Wednesday, November 30, 2005

FCC Lunacy

Calling the men in the white coats, we have a new patient; FCC Chairmen Kevin J. Martin has gone off the deep end and may need to be reigned in both by free speech advocates, and surprisingly for a Republican chairman, by free market advocates as well. According to the Washington Post, Martin at yesterday’s Senate Commerce Committee Hearing suggested that not only should indecency standards be applied to cable television, but also that cable companies be required to offer “ala carte” programming options, despite numerous industry analyses and experts indicating that such a requirement would mean both higher costs for consumers and less programming. Here’s the money quote:

“For the last three years, I have . . . been urging the cable and satellite
industry to give parents more of the tools they need. Thus far, there has been
too little response. … If cable and satellite operators continue to refuse to
offer parents more tools such as family-friendly programming packages, basic
indecency and profanity restrictions may be a viable alternative that should
also be considered, ….”

Hopefully the numerous problems with these statements are so obvious that I don’t have to point them all out, so I’ll just harp on a few. First, I should say that I have no doubt that Martin and many others believe the television programming, especially cable programming is among other things, god-awful, indecent, lewd, lascivious, and generally bad for children. It, however, is also my understanding that every television set comes with a power button, which enables parents to turn it off to prevent children from watching what they aren’t supposed to. Moreover, oh yes, the wonderful capitalist, free market system that we work so hard to promote around the world also enables people to NOT BUY CABLE if they think the programming is so bad for children. Why are these simple concepts so difficult for some people to understand? In other words, parents don’t need either indecency laws for cable or ala carte programming options; they have all the “tools” they need to prevent children from seeing indecent programming. They have remote controls, parental blocks, on/off switches, supervision ability, punishments, and above all the option simply not to purchase the services.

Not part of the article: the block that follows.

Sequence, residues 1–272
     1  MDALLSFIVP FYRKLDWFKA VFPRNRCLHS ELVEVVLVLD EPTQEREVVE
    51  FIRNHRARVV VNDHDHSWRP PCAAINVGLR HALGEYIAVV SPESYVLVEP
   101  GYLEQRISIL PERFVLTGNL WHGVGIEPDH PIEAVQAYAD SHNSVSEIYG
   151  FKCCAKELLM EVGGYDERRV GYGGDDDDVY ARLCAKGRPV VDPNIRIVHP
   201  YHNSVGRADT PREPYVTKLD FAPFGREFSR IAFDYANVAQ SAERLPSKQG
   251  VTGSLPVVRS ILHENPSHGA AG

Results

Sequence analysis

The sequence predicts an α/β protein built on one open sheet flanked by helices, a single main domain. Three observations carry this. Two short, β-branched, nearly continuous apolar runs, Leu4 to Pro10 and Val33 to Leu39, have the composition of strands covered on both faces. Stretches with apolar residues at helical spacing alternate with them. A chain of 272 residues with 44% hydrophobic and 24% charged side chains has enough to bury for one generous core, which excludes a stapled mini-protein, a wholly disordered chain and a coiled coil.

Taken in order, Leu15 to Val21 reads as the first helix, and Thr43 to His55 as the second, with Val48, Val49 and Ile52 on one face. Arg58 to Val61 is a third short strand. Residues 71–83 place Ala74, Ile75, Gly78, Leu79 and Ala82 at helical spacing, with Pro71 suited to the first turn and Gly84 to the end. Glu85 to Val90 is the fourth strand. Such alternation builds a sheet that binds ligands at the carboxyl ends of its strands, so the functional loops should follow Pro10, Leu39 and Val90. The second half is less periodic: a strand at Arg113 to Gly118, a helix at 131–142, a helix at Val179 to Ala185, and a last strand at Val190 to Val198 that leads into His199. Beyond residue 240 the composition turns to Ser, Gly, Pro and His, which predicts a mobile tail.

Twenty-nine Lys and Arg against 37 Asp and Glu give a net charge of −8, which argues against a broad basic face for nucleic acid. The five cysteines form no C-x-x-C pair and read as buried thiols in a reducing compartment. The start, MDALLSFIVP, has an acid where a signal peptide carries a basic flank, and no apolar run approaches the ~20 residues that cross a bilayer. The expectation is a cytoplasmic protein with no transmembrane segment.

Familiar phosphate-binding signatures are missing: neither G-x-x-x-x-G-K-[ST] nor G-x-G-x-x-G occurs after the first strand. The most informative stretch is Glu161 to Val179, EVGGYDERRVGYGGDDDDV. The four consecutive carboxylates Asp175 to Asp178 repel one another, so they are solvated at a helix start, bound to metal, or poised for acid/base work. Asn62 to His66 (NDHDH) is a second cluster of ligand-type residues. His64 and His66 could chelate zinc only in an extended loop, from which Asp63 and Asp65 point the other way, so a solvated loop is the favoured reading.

I know I’ve written here before that if anything the entertainment market, whether it be movies, music, news, television, cable, or what have you, is perhaps the best example of the free markets in action. These markets are 100% dependent on the disposable incomes of their consumers. Media is not a necessity for life like say food, water, or heath services; therefore, it is perhaps the most respondent to market forces. Just look at Sony/BMG and the recent stories about the computer software problem they had with their CDs containing anti-piracy detectors. My point is a simple one, if people didn’t like what they saw on cable and stopped paying for its services, the response would be almost instantaneous. In other words, the cable companies would change their programming to meet the demands of the market. Similarly, if there was a market demand for ala carte programming, I am positive that cable providers would jump at the opportunity to offer such a service. They don’t and I’m sure the reason is not because they want to cram Lifetime, ESPN, or HBO down the consumer’s throat, but it is economics, pure and simple. More people apparently want the programming packages currently being offered or they wouldn’t pay for the services. In the end I find it a bit ironic that the proposed solution for supposedly conservative government officials is more government intervention into markets that are functioning exactly they way they are supposed to function, by meeting the demands of their consumers.


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